If all goes well, the other half of the shell snaps into place with no gaps anywhere. If you have gaps in the brush unit, then you did something wrong.

4. Test the spray trigger feel

Before you put the screws back in and pat yourself on the back, test the trigger to make sure it has the right feel to it. If you messed up with the trigger spring, you will know it.

5. Put the screws back in

Put the screws back in the "AP" half of the shell. There's a couple small ones, but the lengths are so close, I'm not convinced it really matters which screws go where, but don't quote me on that. I did look at the attachment points for every screw, and as far as I could tell, the shorter ones were just a couple places they could save .00001 cents using less steel.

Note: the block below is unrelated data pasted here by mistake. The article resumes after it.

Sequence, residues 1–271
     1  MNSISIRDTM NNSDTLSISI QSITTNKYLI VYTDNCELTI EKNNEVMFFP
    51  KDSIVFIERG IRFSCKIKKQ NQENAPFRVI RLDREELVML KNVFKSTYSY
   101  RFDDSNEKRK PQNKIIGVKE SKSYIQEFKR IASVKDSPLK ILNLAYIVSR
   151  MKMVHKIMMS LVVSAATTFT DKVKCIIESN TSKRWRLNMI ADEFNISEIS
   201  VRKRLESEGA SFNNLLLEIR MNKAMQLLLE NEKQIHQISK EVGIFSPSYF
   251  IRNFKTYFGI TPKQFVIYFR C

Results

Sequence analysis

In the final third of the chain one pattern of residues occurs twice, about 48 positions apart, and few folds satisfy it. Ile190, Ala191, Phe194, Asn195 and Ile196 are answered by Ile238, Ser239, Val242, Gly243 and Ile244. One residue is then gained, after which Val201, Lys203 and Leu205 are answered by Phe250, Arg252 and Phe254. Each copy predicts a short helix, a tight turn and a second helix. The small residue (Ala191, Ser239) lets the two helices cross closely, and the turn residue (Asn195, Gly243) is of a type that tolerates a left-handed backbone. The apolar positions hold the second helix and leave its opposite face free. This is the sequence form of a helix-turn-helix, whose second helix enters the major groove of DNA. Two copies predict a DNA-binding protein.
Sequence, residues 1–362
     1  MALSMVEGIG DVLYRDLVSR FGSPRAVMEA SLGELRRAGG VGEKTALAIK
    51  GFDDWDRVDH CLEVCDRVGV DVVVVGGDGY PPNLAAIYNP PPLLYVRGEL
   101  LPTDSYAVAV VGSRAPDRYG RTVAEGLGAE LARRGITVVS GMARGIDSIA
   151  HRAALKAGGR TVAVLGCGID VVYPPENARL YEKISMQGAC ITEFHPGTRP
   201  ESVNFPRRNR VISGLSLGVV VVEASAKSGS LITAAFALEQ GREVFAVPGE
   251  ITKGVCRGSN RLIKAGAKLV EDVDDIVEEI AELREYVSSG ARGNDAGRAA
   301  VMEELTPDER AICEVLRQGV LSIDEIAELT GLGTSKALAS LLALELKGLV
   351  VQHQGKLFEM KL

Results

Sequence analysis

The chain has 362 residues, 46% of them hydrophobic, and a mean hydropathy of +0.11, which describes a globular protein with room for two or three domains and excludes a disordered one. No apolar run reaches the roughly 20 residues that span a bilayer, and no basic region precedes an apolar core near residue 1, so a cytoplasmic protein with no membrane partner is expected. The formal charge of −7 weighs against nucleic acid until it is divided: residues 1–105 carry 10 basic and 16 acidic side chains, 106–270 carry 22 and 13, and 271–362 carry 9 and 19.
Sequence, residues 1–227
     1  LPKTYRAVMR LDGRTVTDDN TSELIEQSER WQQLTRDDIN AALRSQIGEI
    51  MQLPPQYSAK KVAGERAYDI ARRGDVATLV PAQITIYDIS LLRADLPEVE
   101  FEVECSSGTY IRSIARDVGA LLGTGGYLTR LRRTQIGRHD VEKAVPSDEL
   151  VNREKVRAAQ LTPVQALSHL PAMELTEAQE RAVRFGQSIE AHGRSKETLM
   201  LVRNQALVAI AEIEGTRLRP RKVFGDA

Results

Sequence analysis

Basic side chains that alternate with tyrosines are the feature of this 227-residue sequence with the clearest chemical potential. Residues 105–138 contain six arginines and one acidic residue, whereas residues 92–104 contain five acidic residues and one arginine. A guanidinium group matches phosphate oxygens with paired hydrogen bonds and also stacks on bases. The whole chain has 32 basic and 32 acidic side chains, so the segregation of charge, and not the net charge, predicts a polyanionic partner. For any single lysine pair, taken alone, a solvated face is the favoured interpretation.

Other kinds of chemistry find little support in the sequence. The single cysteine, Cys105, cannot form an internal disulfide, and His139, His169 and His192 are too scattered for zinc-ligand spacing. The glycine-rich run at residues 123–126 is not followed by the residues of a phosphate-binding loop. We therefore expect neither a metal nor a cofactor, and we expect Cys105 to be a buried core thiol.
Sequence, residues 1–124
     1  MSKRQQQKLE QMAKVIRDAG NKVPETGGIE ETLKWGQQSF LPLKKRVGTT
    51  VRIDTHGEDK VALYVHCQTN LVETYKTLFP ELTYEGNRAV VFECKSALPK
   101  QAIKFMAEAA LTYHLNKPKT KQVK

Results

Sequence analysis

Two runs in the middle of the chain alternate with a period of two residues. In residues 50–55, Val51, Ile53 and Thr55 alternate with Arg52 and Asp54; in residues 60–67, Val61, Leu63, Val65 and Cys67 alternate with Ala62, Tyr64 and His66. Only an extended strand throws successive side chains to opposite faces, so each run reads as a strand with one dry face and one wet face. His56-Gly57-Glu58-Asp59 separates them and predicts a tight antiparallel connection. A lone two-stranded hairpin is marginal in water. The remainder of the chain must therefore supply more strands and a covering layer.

4. Attach the brush block

This is the easy part. Put the thin part that agitates into the holes in the agitator unit. You can move the white plastic agitator to line the holes up if you need to. The brush should just fit right in.

Now just put the rest of the brush block back on. It should just slide right into place without any fuss.


Step 5 - Test your work

As a computer engineer I've always said that if you haven't tested it, then it doesn't work. Which is why I would fill the tank with clean water--don't waste cleaning solution until you know it works--and power it on, specifically looking at the spray pattern and making sure the agitator brush moves like it should

Final Notes

  • As noted earlier, this is a fairly complicated task given the precise nature of the main brush/spray/pickup unit.
  • I'm sure taking the unit apart voids the warranty, so before you mess with your unit, I would make an attempt to return it to wherever you purchased it.